The following is an excerpt from my upcoming book, What’s In It For Me? The Driving Force Behind Decisions and Better Leadership, due to be published in the Spring of 2016.
“We change people’s lives.” Talk about a great WIIFM (What’s In It For Me?) response! Wouldn’t we all love it if every person, product, or service had the actual ability to change people’s lives? Now, some do change lives – for better or worse – but there’s no argument that lives are indeed changed. But to “change a life” is such a broad and ubiquitous term. Now that we know that relevant and unique marketing is what’s needed, “changing lives” seems a tad too generic. It also sounds hokey. (Yes, I just used the word hokey.)
Consumers are weary of the same old sales pitches, the same gimmicks, and the same over-the-top promises that aren’t kept nearly as often as they should be. And their fatigue is certainly justifiable. Indeed, just about every company promises to deliver the “best service.” Saying this borders on sociological cliché.
People are tired of being disappointed. And they’re calling bluffs – more so now than ever before. Organizations are faced with a litany of new challenges. In the past, if someone received bad service, they’d probably tell a few people. But they would be limited to the times when they were in another’s company or perhaps talking on the phone. And after a while, the anger dissipates. The situation is put aside.
Fast forward to now….with the dawn of social media, an unsatisfied customer can express his displeasure to hundreds or thousands of people in seconds. Twitter still limits most messages to 140 characters. But saying “XYZ Company SUCKS” is way fewer than 140. Facebook has 1.2 billion users. That’s about 1/6 of the world’s population. We have a 24 hour news cycle where nothing is kept secret for long. Google +, Pinterest, Instagram…..you can get a headache trying to keep them all straight. And let’s not forget about Yelp….seems everyone has an opinion and they’re not afraid to share them, good or bad.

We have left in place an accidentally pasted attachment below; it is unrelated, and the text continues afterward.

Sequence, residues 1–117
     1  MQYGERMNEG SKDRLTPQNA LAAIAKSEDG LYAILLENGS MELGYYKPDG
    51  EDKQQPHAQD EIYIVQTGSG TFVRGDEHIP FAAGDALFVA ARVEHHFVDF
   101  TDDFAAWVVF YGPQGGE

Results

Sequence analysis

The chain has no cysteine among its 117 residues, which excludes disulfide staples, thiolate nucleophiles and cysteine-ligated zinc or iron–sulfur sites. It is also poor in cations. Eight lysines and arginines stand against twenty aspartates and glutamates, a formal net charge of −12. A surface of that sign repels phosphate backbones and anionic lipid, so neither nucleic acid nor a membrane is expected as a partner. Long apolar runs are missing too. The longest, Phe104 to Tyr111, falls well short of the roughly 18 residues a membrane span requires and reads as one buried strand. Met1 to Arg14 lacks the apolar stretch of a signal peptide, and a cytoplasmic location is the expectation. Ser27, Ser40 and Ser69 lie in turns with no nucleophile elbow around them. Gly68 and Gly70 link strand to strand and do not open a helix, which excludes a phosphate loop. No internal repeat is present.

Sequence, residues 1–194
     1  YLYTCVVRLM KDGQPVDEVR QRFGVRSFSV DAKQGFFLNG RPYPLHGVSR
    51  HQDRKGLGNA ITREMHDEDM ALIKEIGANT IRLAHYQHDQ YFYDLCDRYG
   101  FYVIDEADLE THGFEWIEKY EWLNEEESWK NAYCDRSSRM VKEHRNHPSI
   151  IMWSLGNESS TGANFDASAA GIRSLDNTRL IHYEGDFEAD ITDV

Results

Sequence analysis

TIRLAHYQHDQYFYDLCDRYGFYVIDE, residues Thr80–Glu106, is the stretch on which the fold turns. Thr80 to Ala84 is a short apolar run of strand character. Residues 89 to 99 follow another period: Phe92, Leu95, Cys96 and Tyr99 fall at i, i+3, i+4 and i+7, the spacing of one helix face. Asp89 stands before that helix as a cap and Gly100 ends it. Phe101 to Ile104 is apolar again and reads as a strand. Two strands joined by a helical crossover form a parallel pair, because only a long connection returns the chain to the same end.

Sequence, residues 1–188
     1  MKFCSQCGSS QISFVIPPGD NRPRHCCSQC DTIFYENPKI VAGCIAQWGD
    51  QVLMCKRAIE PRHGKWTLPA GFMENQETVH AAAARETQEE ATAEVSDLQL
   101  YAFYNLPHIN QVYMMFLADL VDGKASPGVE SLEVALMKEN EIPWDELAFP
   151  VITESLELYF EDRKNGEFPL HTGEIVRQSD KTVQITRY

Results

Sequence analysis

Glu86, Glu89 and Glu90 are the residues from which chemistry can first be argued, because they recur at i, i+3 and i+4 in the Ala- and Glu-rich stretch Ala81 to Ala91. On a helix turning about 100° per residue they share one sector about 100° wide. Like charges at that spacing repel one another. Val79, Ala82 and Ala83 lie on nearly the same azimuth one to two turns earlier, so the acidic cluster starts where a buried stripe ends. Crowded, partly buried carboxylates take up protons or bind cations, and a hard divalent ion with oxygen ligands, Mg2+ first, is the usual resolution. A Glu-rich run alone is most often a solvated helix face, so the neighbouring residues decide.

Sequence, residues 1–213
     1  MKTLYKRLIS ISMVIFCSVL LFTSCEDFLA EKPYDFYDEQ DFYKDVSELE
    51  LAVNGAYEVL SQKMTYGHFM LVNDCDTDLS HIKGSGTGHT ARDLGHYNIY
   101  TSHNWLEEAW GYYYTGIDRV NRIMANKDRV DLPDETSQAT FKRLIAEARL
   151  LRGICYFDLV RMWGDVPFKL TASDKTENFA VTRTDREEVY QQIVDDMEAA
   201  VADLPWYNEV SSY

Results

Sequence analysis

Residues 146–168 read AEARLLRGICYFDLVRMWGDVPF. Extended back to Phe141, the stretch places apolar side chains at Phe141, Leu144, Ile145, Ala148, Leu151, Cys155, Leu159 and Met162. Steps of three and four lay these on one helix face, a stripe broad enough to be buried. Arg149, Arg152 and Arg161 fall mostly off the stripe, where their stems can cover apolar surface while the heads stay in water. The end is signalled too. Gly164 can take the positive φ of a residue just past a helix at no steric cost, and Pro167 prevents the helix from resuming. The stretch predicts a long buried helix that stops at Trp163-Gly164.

You’ve probably heard phrases like, “rise above the pack,” “stand out from the crowd,” and “differentiating factor.” You know that you have to identify your “WOW aspect.” It has to be different, unique, and dynamic. For this reason alone, it should now be clear why saying “we have the best service” is not an option. Everyone says it. It’s stale. And once again, people are tired of hearing it and getting disappointed when that promise turns out to be empty.
For our purposes, we are going to use the term VALUE Proposition instead of “differentiating factor” or “WOW aspect.”
The VALUE Proposition is defined as the reason anyone should listen to you, do business with you, and trust you. In the simplest of terms, it’s the ultimate answer to WIIFM – what’s in it for me?
Easy enough, right? If it were only so. Creating a true VALUE Proposition is painstakingly difficult. It requires focus and determination. It requires commitment and compromise. It takes time. But you shouldn’t even attempt to sell anything, make a decision, issue an order, or try to lead people until you have it.
There are way too many organizations that overcomplicate this process. They’ll create “focus groups” that will meet monthly for a year or more to get it “just right.” They’ll ask for input from everyone with a pulse. They’ll try to sound smarter than is necessary and want to incorporate superfluous or lofty language into their masterpiece. None of this is needed. In order for your VALUE Proposition to resonate, it needs to be simple and short.
Here’s the process to follow when creating your VALUE Proposition.
Get your senior leadership team in a room. Make time for this. Do not try to coordinate schedules. Do not try to accommodate everyone. Pick a day, pick a time, and make sure everyone is there. Don’t invite everyone who works for you. Invite only the people that are responsible for the highest level of decision-making. That isn’t to suggest that other people’s input isn’t important. But this process has to be compartmentalized for it to work properly.
Make sure no one comes in with an agenda of his or her own. The SOLE purpose of this meeting is to discuss and create a VALUE proposition. Nothing else will be discussed.
Have everyone answer the following questions IN WRITING:
What do we stand for?
Who do we serve? Who HAS to do business with us?
How do we change people’s lives?
Why are we different?
What problems do we solve?
What solutions do we offer?
In other words, your VALUE proposition is the answer to WIIFM!!
If you’re not willing to take the time to create your VALUE proposition (whether you’re self-employed or a leader in someone else’s organization,” close this book now. The rest of it will not make any sense.
In order to become a better decision-maker, a more effective leader, or change lives, you have to be crustal clear on your WIIFM answer. I’ve worked with numerous business owners and leaders on crafting their personal or professional WIIFM answers. Most have wanted to start with creating financial projections or a list of tasks. This just doesn’t work. It’s out of order. When they realize and understand that the only acceptable starting point is to create an impactful VALUE Proposition, then and only then are they prepared for the next steps.